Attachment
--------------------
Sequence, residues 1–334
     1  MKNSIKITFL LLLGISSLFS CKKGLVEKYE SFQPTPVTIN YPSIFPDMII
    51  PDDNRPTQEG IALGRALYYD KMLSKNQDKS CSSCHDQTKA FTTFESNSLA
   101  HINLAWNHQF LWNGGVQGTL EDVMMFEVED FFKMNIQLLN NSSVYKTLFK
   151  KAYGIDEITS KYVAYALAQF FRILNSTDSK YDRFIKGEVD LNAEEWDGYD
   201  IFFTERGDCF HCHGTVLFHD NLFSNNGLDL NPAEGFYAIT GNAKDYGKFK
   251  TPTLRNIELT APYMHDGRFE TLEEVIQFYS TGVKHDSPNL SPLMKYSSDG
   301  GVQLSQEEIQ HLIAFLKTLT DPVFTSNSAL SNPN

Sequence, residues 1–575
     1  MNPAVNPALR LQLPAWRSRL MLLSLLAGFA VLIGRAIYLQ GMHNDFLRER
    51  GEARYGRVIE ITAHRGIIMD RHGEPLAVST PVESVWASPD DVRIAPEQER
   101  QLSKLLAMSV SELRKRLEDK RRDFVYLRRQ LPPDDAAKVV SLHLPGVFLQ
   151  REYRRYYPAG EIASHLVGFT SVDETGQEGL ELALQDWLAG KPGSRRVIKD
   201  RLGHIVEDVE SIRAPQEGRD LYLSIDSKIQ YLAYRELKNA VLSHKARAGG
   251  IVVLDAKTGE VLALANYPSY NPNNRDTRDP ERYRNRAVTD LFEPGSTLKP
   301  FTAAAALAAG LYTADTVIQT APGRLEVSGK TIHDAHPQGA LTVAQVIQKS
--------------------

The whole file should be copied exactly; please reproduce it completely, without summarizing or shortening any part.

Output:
Sequence, residues 1–334
     1  MKNSIKITFL LLLGISSLFS CKKGLVEKYE SFQPTPVTIN YPSIFPDMII
    51  PDDNRPTQEG IALGRALYYD KMLSKNQDKS CSSCHDQTKA FTTFESNSLA
   101  HINLAWNHQF LWNGGVQGTL EDVMMFEVED FFKMNIQLLN NSSVYKTLFK
   151  KAYGIDEITS KYVAYALAQF FRILNSTDSK YDRFIKGEVD LNAEEWDGYD
   201  IFFTERGDCF HCHGTVLFHD NLFSNNGLDL NPAEGFYAIT GNAKDYGKFK
   251  TPTLRNIELT APYMHDGRFE TLEEVIQFYS TGVKHDSPNL SPLMKYSSDG
   301  GVQLSQEEIQ HLIAFLKTLT DPVFTSNSAL SNPN

Sequence, residues 1–575
     1  MNPAVNPALR LQLPAWRSRL MLLSLLAGFA VLIGRAIYLQ GMHNDFLRER
    51  GEARYGRVIE ITAHRGIIMD RHGEPLAVST PVESVWASPD DVRIAPEQER
   101  QLSKLLAMSV SELRKRLEDK RRDFVYLRRQ LPPDDAAKVV SLHLPGVFLQ
   151  REYRRYYPAG EIASHLVGFT SVDETGQEGL ELALQDWLAG KPGSRRVIKD
   201  RLGHIVEDVE SIRAPQEGRD LYLSIDSKIQ YLAYRELKNA VLSHKARAGG
   251  IVVLDAKTGE VLALANYPSY NPNNRDTRDP ERYRNRAVTD LFEPGSTLKP
   301  FTAAAALAAG LYTADTVIQT APGRLEVSGK TIHDAHPQGA LTVAQVIQKS